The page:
The Senate Medicaid Expansion bill passed the House on a vote of 202 to 132.
The House sends its bills to the Senate in what is called Crossover with a deadline of March 27. Accordingly, a mad rush is on to finish voting on all our bills by that date. This means two- and/or three-day sessions in Concord.
A good portion of the bills that remain were tabled, referred for interim study, or simply inexpedient to legislate. Some highlights:
HB 1170: Repealing the death penalty in New Hampshire passed the House 225 to 104, a strong bipartisan vote.
HB 1620: Limiting the use of drones to protect privacy rights on a voice vote.
HB 1625: Reducing penalties for the possession of up to one ounce of marijuana on a 215 to 92 vote.
HB 1403: Increasing the minimum wage from $7.25 to $8.25 an hour this year and $9 an hour in 2016 on a partisan vote of 173 to 118.
HB 1626: Establishing six casinos in New Hampshire, killed on a 187 to 102 vote, yours truly on the 187 side.
HB 1633: Establishing one casino (supported by the Senate, the Governor, and 60% of New Hampshire voters and yours truly), killed on a vote of 173 to 144.
HB 1307: Prohibiting the State from acquiring military-equipped vehicles failed on a 195 to 138 vote.
HB 1411: Restoring $7 million to Health and Human Services while providing $8 million of surplus money to the rainy day fund passed on a 185 to 153 vote.
I voted against this bill for three reasons: One, I did not want to re-open a budget we had overwhelming approved last year and two, I believed it more fiscally prudent to use our entire anemic surplus ($15 million) to restore our rainy day fund. We were warned by our State Treasurer that in order to retain our excellent bond rating, the rainy day fund should have at least $60 million. The third reason has to do with the following bill:
HB 1635: New Hampshire was accused by the Federal government of having violated the Americans with Disabilities Act regarding mental health programs. A settlement was reached, and the argument was made that paying for it now would save us costs later.
While the argument is sound, it does take another $4 million out of the rainy day fund of $8 million the majority has just voted to put in HB 1411, thereby leaving a paltry $4 million in it. The majority, being aware that this was necessary, should have never transferred $7 million to the Health and Human Services in HB 1411 and instead should have voted to put the entire surplus amount in the rainy day fund. This would have left us with $11 million in the rainy day fund.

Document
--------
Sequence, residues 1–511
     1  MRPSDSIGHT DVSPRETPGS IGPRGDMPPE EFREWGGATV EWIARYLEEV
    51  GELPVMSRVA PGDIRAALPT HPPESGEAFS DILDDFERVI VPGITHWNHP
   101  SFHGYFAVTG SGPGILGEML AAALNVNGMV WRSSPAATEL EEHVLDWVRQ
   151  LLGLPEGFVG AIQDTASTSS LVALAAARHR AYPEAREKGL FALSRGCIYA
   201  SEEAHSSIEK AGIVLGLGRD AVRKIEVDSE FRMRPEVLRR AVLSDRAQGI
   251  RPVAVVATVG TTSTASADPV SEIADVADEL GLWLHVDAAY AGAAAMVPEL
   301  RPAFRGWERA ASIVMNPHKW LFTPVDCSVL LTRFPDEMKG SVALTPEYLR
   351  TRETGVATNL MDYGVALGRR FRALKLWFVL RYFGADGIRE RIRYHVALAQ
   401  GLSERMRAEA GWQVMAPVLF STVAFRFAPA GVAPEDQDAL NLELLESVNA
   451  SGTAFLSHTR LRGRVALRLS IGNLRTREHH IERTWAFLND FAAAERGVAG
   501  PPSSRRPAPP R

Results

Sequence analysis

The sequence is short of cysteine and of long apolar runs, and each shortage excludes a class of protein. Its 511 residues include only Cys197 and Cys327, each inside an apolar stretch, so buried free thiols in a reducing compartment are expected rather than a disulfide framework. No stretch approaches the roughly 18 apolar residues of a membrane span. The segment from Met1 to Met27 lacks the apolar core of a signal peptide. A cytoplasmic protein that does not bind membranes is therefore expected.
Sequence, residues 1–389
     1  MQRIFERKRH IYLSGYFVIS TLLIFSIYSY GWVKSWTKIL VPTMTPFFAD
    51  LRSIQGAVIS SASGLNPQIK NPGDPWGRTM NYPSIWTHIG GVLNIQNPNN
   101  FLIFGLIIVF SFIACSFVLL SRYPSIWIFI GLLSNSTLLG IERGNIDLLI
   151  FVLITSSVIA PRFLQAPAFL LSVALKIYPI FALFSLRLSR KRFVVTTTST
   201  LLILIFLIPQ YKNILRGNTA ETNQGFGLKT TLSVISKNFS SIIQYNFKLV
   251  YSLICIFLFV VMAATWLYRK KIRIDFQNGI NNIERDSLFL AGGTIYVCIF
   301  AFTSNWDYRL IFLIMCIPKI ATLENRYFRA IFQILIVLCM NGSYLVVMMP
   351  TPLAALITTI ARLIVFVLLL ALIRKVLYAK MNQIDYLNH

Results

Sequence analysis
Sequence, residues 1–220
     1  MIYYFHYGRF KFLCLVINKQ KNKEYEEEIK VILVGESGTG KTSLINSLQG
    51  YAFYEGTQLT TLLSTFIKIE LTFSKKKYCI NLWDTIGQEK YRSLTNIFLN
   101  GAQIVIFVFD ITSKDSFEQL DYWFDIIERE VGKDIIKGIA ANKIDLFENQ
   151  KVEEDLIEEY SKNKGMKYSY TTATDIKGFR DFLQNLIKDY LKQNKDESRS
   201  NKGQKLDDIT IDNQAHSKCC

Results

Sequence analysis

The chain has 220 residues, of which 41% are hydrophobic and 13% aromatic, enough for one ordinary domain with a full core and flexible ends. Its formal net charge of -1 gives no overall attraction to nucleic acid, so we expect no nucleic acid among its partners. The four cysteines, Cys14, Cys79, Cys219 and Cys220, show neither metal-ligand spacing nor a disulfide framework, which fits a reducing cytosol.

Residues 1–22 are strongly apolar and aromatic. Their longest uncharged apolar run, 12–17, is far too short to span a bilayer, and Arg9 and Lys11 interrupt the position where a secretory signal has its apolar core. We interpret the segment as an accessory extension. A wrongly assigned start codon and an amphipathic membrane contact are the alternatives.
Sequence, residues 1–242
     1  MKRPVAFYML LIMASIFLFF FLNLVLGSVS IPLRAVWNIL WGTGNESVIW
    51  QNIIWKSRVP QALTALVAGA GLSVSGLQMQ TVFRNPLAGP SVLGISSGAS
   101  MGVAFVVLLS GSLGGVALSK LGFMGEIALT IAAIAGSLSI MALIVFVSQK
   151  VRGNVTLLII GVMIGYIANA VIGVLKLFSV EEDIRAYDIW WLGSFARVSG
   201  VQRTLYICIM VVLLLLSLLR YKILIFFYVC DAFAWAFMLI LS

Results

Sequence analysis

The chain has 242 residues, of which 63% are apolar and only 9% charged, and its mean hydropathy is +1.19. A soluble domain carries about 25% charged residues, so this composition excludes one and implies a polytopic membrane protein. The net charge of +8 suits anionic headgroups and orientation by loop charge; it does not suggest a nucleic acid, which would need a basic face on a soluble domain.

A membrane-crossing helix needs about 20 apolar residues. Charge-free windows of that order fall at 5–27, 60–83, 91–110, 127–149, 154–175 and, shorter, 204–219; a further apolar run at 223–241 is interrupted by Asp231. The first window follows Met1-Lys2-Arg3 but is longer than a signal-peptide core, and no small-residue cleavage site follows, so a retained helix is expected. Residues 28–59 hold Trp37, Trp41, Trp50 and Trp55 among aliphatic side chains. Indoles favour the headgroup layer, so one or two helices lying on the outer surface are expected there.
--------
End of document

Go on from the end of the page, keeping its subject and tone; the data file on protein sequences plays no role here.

I found this whole chain of events fiscally irresponsible, and I therefore voted against this bill as well. The bill passed 173 to 125.
HB 435: This bill increasing funding for public charter schools had already passed the House but was referred to the Finance Committee and came back for a second vote. This bill having a cost attached between $30 and $130 million was referred for interim study on a vote of 167 to 158.
HB 1503: A bill that would increase penalties for a crime committed against a pregnant woman that results in a stillbirth or miscarriage had implications over the definition of a fetus. An amendment that increased penalties but skirted the controversial definition of a fetus passed 176 to 116, the amended bill passing on a bipartisan vote of 243 to 42.
Some bills that passed but received little attention in the press:
HB 1138: Homestead food producers will be allowed to sell up to $20,000 (100% increase) of their products at farm stands, farmers markets, etc.
HB 1130: The State would reimburse towns for the actual costs incurred in fighting forest fires on federal lands instead of at a fixed rate.
HB 1406: Establishing a list of structurally deficient bridges and notifying towns of such bridges.
HB 1571: Allowing women to breastfeed in any place open to the public.
HB 1176: Preventing a rapist from asserting parental rights against the wishes of the victim.
HB 1322: Reducing the threshold from 4% to 3% of the number of votes cast in a preceding election for the definition of a political party.
All House bills will now get their day in the Senate, where their future is uncertain, including the death penalty repeal and the minimum wage.
In Public Works and Highways, we put the finishing touches to the 10 year plan and are expecting SB 367 from the Senate, a road toll increase of 4.2 cents. At this writing, it is still unclear what it will look like.
I am always available at 735-5440 or MarioRatzki@nullgmail.com.